- Allow time for the patties to set in the fridge. This time helps the ingredients bind well together and also helps the flavor develop in the mixture; so don’t skip the resting time in the fridge.
- Make sure the patties hold well together before frying. The mixture should feel moist and paste-like, but not too wet. It should feel compact before dropping it in the oil. If it’s not, you may need to pulse it more in the food processor or add an extra tablespoon of flour to the mixture.
- Use a high smoke point oil for frying. Some olive oils may work for this depending on their smoke point. But to be safe, use an oil meant for deep frying like grapeseed oil, sunflower oil or canola oil.
More Lebanese recipes
Forget the powdered falafel mixes and store-bought greasy falafel, and try my homemade falafel recipe. My recipe makes a double batch of the mixture because it’s a great make-ahead recipe. Hope you try this authentic version I learned from my family, and share it with your family!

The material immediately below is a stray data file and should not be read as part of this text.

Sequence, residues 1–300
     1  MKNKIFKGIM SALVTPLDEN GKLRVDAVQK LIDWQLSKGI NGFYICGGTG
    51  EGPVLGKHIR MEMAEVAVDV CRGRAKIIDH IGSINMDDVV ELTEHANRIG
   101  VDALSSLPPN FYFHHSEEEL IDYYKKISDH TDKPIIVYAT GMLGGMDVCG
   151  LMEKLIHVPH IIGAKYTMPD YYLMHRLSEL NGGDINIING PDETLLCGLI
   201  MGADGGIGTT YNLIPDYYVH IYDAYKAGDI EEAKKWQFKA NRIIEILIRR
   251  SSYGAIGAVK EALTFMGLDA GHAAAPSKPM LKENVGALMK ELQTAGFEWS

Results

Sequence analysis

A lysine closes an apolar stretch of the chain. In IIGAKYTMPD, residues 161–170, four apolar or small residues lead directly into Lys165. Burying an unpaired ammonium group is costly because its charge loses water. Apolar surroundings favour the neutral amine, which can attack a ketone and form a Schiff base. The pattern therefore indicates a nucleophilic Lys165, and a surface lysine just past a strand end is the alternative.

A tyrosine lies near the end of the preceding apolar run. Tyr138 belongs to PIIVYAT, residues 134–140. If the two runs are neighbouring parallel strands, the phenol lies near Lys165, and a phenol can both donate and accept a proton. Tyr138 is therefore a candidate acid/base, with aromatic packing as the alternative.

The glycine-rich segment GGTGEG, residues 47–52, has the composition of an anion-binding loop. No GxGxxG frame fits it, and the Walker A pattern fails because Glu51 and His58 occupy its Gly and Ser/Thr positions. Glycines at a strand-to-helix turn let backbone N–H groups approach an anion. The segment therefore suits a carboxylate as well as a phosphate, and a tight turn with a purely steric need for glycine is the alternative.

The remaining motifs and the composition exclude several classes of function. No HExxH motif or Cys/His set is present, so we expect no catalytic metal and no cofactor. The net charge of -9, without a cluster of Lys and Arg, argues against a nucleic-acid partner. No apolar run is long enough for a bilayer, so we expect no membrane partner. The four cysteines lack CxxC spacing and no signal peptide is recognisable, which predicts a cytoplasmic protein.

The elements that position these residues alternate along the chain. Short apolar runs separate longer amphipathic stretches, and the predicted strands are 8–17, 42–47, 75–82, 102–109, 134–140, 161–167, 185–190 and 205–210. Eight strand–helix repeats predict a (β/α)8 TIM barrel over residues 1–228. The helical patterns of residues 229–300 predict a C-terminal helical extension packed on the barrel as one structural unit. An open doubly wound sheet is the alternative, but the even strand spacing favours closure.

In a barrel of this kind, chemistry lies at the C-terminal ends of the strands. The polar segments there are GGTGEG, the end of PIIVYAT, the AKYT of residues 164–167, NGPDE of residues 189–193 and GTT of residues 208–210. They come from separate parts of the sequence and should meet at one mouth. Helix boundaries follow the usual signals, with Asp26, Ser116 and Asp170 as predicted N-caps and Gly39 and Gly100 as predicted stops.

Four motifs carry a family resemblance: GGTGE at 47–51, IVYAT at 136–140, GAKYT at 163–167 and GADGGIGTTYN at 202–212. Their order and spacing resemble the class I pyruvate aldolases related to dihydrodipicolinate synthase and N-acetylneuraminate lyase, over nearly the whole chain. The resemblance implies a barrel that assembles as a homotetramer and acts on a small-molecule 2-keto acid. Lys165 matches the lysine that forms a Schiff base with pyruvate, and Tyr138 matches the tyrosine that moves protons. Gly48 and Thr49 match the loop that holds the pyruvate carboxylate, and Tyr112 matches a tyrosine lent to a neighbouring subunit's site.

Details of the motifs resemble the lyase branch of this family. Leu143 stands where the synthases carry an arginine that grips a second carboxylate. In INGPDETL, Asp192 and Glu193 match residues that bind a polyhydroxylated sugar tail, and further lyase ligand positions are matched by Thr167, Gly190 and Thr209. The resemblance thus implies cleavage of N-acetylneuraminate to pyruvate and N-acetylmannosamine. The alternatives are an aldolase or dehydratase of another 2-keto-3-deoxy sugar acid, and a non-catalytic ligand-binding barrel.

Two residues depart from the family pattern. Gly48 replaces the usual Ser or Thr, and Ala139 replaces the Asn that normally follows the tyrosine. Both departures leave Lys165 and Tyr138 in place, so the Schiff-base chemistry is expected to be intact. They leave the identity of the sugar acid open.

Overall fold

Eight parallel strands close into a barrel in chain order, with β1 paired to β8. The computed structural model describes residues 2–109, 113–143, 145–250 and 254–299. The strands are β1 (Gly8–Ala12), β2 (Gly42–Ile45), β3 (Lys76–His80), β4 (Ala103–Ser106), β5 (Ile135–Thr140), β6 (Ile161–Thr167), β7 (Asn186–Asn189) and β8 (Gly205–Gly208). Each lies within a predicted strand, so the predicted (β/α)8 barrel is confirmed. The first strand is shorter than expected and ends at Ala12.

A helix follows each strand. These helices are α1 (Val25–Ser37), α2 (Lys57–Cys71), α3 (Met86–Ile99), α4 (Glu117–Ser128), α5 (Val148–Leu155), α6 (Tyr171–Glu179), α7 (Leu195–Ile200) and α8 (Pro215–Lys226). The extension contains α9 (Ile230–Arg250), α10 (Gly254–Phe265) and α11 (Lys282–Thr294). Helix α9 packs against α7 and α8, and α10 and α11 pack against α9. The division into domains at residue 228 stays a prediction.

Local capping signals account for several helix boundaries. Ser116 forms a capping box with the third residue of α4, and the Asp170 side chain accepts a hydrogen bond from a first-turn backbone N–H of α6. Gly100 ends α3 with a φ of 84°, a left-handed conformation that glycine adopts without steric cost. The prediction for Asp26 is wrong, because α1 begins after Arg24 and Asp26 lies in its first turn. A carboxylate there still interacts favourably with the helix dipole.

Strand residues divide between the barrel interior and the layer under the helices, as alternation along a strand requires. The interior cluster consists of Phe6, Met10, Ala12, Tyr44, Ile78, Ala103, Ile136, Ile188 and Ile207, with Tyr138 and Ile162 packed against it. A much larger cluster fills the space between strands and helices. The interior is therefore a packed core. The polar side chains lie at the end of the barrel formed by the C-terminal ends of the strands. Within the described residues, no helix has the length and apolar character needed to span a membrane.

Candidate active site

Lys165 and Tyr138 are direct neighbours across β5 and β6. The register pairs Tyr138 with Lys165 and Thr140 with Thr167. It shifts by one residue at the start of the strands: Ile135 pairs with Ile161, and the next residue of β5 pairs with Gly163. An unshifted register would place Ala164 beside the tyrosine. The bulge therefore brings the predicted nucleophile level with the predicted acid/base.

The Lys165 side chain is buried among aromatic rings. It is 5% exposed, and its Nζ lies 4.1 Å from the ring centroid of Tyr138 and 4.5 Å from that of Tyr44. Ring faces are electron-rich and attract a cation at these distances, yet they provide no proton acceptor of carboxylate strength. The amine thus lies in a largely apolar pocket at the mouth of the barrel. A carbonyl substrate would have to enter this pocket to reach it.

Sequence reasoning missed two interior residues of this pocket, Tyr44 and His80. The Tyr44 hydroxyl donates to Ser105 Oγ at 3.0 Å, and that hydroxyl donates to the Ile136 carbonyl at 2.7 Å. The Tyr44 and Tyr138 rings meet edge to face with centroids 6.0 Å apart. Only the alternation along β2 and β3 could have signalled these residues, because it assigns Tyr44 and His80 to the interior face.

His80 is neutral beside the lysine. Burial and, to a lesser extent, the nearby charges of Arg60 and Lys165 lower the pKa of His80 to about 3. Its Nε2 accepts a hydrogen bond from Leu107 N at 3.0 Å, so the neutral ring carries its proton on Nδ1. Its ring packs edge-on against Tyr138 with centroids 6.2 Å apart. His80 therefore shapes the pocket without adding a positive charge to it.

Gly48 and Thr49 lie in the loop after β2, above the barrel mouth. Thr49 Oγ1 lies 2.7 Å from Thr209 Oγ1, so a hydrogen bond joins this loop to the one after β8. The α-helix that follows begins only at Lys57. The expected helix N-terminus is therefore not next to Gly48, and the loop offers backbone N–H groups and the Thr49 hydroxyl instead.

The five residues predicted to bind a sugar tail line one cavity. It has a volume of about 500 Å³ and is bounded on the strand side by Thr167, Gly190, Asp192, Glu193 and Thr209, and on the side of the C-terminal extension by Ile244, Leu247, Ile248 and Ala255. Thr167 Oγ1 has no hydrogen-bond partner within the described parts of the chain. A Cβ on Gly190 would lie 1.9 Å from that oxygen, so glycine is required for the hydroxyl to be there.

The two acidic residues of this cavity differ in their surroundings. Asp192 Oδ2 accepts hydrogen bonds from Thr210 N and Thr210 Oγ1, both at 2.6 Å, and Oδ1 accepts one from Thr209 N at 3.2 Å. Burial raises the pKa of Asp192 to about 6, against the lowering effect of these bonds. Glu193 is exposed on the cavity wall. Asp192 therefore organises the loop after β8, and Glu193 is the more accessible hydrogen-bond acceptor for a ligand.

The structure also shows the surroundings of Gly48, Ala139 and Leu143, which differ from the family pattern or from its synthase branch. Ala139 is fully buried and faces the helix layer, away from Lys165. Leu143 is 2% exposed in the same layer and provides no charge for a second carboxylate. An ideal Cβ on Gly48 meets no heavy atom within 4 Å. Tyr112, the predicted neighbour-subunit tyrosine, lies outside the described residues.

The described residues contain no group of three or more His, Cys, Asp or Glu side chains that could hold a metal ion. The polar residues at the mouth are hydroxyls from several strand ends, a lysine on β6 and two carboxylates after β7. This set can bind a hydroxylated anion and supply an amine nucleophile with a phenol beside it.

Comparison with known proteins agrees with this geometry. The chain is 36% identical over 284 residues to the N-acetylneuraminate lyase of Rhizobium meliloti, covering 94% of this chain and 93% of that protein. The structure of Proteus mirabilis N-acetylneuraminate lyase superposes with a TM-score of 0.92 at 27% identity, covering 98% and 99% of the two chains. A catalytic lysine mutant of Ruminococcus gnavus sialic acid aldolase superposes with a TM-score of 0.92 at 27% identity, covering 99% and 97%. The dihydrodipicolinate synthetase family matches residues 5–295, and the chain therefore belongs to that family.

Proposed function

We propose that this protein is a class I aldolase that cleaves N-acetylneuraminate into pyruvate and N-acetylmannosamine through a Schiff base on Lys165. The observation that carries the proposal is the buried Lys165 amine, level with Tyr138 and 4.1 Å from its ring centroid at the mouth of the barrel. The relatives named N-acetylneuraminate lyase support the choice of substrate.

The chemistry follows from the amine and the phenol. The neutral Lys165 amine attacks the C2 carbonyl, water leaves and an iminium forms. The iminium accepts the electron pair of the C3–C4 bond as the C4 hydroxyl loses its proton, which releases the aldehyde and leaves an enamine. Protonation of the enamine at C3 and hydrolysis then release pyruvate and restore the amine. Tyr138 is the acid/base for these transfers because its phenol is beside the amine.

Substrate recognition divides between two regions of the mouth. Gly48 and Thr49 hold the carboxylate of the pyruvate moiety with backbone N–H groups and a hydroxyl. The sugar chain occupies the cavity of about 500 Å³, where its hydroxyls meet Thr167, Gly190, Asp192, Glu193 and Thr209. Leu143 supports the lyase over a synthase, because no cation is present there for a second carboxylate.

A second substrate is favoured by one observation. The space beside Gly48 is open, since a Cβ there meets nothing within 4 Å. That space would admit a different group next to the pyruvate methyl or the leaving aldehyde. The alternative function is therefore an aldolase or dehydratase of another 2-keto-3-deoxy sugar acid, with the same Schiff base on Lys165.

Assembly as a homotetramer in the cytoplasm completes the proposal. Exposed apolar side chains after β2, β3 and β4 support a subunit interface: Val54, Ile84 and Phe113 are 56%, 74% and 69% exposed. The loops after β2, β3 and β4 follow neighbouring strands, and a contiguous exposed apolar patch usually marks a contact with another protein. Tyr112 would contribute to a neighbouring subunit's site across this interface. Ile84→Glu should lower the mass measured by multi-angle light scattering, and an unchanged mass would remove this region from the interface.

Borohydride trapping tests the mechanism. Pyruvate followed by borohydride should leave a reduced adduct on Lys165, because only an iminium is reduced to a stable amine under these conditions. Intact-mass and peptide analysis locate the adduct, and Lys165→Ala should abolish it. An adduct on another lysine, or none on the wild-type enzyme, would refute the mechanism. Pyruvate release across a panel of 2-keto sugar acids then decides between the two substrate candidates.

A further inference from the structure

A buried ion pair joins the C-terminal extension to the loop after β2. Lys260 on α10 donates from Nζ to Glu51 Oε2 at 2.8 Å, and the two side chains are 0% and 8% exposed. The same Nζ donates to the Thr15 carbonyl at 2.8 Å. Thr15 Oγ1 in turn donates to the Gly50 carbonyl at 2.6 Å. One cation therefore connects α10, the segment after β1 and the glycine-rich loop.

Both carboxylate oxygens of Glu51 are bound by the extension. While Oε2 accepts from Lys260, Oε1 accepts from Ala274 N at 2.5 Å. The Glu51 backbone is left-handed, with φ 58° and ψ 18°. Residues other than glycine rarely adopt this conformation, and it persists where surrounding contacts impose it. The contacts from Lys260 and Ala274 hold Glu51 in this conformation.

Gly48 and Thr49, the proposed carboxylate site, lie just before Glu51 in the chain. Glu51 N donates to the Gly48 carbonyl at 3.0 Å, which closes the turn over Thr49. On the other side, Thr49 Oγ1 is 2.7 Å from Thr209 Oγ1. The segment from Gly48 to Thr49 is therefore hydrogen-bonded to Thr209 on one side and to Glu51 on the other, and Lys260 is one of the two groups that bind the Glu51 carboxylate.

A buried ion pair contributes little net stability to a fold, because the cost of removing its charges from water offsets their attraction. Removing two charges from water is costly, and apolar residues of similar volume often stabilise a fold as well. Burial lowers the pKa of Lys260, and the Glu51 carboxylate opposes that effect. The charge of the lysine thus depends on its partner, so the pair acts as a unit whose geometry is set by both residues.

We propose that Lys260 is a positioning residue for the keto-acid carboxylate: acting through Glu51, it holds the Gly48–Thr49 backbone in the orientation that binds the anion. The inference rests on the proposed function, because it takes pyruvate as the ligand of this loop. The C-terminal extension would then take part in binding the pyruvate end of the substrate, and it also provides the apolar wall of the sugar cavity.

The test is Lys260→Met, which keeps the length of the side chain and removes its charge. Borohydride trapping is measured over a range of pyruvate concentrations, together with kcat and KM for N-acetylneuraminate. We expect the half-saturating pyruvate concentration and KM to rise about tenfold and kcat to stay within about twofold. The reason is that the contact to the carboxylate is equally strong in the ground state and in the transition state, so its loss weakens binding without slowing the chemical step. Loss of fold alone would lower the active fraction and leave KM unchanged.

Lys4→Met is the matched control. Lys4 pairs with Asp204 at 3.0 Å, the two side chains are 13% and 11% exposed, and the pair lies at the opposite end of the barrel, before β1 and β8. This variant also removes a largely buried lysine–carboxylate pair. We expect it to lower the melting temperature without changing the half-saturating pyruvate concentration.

If you’ve tried this healthy-ish feel good Lebanese Falafel recipe or any other recipe on FeelGoodFoodie, then don’t forget to rate the recipe and leave me a comment below! I would love to hear about your experience making it. And if you snapped some shots of it, share it with me on Instagram so I can repost on my stories!
Lebanese Falafel Recipe
- 1 ½ pound dry chickpeas
- 1 cup parsley stems removed
- 3/4 cup cilantro stems removed
- 1 small onion
- 1 garlic clove
- 2 tablespoons flour
- 1 tablespoon salt
- 2 teaspoons cumin
- 1 teaspoon coriander
- 1/4 teaspoon black pepper
- 1 teaspoon baking powder
- Oil for frying grapeseed, sunflower or canola work well